BreastMilk Composition

Breast Milk Composition

The composition of Breast Milk is as follows:

COLOSTRUM:

It is discharged during introductory 3-4 days after delivery. It is in little amount, yellow thick. 

Also, it contains a large amount of nutrients A, D, E, K, proteins, and immunoglobulins.

TRANSITIONAL MILK:

It is Discharged from day 4 up to 2weeks and wealthy in fat and sugar content.

MATURE MILK:

It is more slender and watery and contains every fundamental nutrient.

FOREMILK:

It is discharged toward the beginning of the feed, and it is watery, plentiful in protein, sugar, nutrients, minerals, and water, which fulfills the infant’s thirst.

HIND MILK:

It is more extravagant in fats and comes later towards the finish of the feeds, which gives more energy and satiety.

Breast milk contains important antibodies:

Breast milk is stacked with antibodies that help your child fend off infections and microscopic organisms, which is basic in the early months. This especially applies to colostrum, the primary milk. Colostrum gives high measures of immunoglobulin A (IgA), just as a few different antibodies. When you’re presented with infections or microscopic organisms, you begin creating antibodies which later is infused into the milk. It is believed that children who are not breastfed are more helpless against medical problems like pneumonia, loose bowels, and disease.

Mothers who breastfeed have a lower risk for depression:

Postpartum depression (PPD) is a type of depression that can develop shortly after childbirth. Women who breastfeed seem less likely to develop postpartum depression than mothers who wean early or do not breastfeed. However, those who experience postpartum depression early after delivery are also more likely to have trouble breastfeeding and do so for a shorter duration. If you have any symptoms of PPD, tell your doctor as soon as possible.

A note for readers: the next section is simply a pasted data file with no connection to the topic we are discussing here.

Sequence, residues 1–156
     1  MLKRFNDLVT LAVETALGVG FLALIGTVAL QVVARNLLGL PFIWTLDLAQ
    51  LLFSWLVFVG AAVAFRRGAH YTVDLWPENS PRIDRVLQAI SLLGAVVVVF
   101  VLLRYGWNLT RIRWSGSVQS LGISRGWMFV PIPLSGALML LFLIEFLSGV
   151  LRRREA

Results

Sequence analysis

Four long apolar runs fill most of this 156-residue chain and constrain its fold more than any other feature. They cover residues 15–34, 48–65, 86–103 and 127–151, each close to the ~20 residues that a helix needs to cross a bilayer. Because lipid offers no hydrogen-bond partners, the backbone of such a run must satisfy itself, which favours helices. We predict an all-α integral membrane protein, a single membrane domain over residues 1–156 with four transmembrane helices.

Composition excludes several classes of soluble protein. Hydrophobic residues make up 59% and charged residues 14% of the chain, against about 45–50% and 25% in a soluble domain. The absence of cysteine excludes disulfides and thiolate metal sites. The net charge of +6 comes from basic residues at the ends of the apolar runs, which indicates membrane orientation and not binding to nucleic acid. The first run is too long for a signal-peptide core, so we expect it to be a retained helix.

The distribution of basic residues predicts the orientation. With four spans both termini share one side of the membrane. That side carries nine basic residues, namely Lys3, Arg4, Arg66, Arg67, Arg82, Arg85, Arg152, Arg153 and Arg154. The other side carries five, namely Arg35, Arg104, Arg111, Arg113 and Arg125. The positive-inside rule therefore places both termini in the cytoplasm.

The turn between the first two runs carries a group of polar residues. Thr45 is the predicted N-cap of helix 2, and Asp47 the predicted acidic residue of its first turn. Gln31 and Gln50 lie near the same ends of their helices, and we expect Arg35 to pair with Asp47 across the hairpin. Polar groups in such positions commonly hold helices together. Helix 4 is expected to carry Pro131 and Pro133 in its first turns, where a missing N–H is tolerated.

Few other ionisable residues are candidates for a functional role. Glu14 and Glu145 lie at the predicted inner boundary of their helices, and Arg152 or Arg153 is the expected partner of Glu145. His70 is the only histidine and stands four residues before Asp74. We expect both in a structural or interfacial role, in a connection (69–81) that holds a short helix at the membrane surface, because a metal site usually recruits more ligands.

There are some myths about breastfeeding

There are a few misconceptions about nursing.

  • Many women do not produce enough milk.
  • During the first three or four days after birth, there is insufficient milk.
  • The youngster should breastfeed for 20 minutes on each side.
  • In a hot climate, a breastfeeding child requires additional water.
  • Bottle feeding is easier than breastfeeding.
  • If the kid has loose bowels, the mother should stop breastfeeding immediately.
  • Mothers who have had a breast reduction medical operation are unable to nurse their children.
  • Those with small breasts produce less milk than women with large breasts.
  • Breastfeeding mothers are unable to use a contraceptive pill.

IMMUNOLOGICALLY:
It is protected, non-unfavorably susceptible.
• Contains – immunoglobulin’s, secretory parts, and secretory IgA. Likewise Plasma cells, polymorphs, lysosomes,
lactoperoxidase, development factors, and so forth
• Serum IgA gives surface insurance to the respiratory and Gl plots
• S IgA opposes proteolytic corruption in the neonatal gut and offers assurance.
Bosom milk contains cell components for example macrophages (up to 80%) lymphocytes (T and B). These are the essential safeguard against contamination. Bosom milk supplies T and B lymphocytes.

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